How Much Does Owning a Car Cost?
Whether you’re looking forward to that new car smell or buying a used car that fits your adventurous lifestyle, getting the facts on the cost of ownership up front will help you make the best decision in the long run.
Once you whittle your options down to two to three choices, it’s worth considering your potential costs over a 4-year and 8-year period before making a decision.
Interest. You’ll want to know how much you’re being charged above the price of your vehicle. That can depend on how your loan is structured and whether you can take advantage of special pricing. Longer loans typically mean more interest. Shop around to make sure you’re getting the best interest rate you can.
Length of ownership. The length of time you plan to own your car matters. If you own your car for five years, the median cost of car ownership averages at about $9,200 a year. If you own your car for eight years, that median cost drops significantly because you’re enjoying a few years without a loan. However, going beyond eight years means you could be faced with higher repair costs.
Maintenance. It’s always a good idea to plan on some maintenance expenses, even for cars with a bumper-to-bumper warranty. Some sites report owner feedback on average costs. Maintenance includes:
- Oil Changes
- Inspection Services
- Wheel Rotation
- Wheel Alignment
- Cooling System Maintenance
- Spark Plug Replacement
- Fluid and Filters Replacement
- Battery Replacement
- Timing Belt Replacement
- Basic Brake Service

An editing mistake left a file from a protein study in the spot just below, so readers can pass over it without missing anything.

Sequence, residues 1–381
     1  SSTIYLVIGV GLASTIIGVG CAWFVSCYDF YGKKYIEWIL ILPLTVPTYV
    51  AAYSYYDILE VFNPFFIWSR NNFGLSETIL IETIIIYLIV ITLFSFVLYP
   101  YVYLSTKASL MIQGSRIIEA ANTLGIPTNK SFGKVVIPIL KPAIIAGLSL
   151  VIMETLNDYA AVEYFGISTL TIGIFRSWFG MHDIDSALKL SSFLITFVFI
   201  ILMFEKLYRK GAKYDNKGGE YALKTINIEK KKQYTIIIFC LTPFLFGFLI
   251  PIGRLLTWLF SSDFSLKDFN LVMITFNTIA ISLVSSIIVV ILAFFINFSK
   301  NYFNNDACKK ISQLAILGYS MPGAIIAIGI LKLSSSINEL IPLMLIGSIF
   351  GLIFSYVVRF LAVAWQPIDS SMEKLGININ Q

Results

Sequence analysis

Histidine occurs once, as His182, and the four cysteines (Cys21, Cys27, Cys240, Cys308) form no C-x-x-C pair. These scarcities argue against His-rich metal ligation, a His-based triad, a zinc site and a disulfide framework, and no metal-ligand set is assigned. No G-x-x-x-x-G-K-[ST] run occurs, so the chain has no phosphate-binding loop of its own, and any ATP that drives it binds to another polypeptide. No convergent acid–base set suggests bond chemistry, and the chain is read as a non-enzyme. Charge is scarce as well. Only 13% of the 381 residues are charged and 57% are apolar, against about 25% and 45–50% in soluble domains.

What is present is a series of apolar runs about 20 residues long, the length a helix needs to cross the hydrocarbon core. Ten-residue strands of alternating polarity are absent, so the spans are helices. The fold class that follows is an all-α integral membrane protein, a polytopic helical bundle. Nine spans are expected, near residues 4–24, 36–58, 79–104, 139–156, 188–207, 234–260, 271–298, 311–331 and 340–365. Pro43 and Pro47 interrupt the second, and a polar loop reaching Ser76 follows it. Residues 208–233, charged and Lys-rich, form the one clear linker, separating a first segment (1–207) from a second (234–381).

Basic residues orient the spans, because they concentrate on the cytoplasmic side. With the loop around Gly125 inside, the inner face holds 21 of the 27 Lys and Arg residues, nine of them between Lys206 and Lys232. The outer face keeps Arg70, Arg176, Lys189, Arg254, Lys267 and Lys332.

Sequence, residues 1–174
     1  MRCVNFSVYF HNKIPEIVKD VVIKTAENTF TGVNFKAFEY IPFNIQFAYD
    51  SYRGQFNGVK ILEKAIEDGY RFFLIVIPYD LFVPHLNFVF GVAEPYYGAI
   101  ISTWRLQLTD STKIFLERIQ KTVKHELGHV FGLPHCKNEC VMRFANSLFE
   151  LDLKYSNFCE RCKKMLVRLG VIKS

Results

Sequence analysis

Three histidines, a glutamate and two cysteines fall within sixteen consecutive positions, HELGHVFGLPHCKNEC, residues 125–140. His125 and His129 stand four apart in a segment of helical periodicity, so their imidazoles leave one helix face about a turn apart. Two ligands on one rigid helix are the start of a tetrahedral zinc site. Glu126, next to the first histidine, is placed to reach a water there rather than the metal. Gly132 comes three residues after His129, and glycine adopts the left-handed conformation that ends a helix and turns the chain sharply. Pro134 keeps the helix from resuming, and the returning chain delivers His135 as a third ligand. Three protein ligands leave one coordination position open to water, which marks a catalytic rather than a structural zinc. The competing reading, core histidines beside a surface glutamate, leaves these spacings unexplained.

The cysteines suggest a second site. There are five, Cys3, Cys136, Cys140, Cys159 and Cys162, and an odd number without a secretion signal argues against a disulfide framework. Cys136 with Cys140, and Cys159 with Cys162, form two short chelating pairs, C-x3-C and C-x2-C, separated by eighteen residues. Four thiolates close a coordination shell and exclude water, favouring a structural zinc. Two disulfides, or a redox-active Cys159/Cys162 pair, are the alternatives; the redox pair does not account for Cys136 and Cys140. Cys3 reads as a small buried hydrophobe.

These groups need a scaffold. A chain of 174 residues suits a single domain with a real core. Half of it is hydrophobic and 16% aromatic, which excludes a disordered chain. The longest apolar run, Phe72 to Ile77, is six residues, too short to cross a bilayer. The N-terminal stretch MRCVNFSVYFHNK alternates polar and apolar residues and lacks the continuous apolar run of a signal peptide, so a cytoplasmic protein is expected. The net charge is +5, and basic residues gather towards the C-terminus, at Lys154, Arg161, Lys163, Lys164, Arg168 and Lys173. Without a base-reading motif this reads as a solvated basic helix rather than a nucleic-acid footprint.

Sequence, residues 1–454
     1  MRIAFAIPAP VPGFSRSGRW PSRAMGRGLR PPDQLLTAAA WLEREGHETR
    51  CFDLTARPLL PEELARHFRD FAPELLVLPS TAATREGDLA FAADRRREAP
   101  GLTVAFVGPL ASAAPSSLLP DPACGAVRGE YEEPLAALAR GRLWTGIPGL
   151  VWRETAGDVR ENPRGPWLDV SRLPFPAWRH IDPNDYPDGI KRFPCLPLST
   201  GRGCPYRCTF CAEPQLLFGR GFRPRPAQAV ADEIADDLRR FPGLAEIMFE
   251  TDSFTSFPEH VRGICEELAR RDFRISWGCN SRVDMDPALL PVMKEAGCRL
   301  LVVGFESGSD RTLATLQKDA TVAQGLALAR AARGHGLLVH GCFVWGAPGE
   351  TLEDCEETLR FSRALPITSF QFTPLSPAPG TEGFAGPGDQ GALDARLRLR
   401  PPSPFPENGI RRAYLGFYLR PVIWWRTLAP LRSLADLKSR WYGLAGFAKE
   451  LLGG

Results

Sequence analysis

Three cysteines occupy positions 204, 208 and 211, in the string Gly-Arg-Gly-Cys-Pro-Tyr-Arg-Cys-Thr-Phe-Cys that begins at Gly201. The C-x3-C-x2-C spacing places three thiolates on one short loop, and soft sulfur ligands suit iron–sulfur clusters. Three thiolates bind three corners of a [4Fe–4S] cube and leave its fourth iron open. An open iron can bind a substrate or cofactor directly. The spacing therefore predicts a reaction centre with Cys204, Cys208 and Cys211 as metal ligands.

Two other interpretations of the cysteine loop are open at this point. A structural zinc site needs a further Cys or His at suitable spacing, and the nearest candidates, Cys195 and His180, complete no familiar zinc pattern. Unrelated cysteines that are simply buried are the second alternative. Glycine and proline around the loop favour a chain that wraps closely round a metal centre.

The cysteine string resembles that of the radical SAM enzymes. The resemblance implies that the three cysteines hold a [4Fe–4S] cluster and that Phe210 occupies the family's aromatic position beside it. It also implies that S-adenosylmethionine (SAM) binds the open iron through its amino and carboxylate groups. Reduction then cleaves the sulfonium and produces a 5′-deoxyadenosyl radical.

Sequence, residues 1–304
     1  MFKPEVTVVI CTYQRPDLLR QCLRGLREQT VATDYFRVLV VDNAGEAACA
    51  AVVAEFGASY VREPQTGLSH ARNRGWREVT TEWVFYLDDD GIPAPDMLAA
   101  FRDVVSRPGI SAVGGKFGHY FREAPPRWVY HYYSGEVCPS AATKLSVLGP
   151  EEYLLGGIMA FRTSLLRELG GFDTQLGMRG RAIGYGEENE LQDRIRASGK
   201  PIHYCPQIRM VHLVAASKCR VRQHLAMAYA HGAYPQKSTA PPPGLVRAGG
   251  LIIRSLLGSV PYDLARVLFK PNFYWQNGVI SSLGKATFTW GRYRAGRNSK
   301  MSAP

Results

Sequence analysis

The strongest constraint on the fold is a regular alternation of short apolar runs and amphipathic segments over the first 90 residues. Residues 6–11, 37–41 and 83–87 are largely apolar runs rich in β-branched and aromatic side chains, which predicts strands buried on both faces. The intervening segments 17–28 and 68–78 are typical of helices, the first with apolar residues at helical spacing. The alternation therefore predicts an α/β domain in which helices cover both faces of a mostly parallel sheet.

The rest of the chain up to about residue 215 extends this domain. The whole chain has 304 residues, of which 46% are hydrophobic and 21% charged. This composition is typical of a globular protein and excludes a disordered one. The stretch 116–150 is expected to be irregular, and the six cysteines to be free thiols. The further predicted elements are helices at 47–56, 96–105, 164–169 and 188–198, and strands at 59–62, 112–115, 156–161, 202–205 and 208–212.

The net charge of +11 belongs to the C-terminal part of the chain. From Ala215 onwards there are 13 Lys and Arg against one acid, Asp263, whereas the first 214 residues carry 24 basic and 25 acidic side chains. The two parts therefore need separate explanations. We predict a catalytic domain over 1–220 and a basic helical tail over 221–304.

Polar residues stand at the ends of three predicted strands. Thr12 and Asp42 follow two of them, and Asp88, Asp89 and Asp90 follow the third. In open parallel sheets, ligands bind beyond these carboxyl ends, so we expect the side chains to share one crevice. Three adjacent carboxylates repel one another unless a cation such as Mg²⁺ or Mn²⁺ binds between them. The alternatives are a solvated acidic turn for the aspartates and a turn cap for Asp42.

- Air Conditioning Service
Repairs. In the first five years of ownership, repairs are often your lowest factor in the cost of ownership. In used cars, that may be a different scenario. Research how much a car owner spends each year for your make and model.
Insurance. Insurance is a requirement, and your cost and coverage can vary widely. Different vehicles are insured at different rates, so check with your insurance agent before buying a specific make and model. You’ll also want to work with your agent to make sure you’re getting the coverage you need first, then look at the cost of insurance. Remember, you might find cheaper rates, but you could be skimping on coverage.
Fuel. Every car has a miles-per-gallon estimate for city and highway travel. In order to understand the total cost of ownership—not to mention to appropriately adjust your budget — you’ll want to compare the cost of filling your tank (don’t forget to look at tank capacity). The U.S. Government has a handy fuel calculation tool you can use. Simply select the make, model and year use it to compare several vehicles. Gas efficiency can drastically change your cost of ownership.
Depreciation. It’s important to know what you’ll get when you want to sell your car or trade it in. Initial cost is one thing, but depreciation drops at differing rates. Do your research so you can compare the future value of each of your new or used car options.
Roadside assistance costs. Even when buying a new car, you can run out of gas or get a flat tire. And once your car gets some miles on it — especially if you buy a used car — breakdowns can happen. It doesn’t have to be a disaster. Some manufacturers offer roadside assistance for a certain number of miles or time after purchase. In other cases, you can save by adding Emergency Roadside Assistance coverage to your auto insurance.
License/registration. In addition to up-front costs, you’ll need to update your registration. Check on prices and timing with your state’s Department of Motor Vehicles.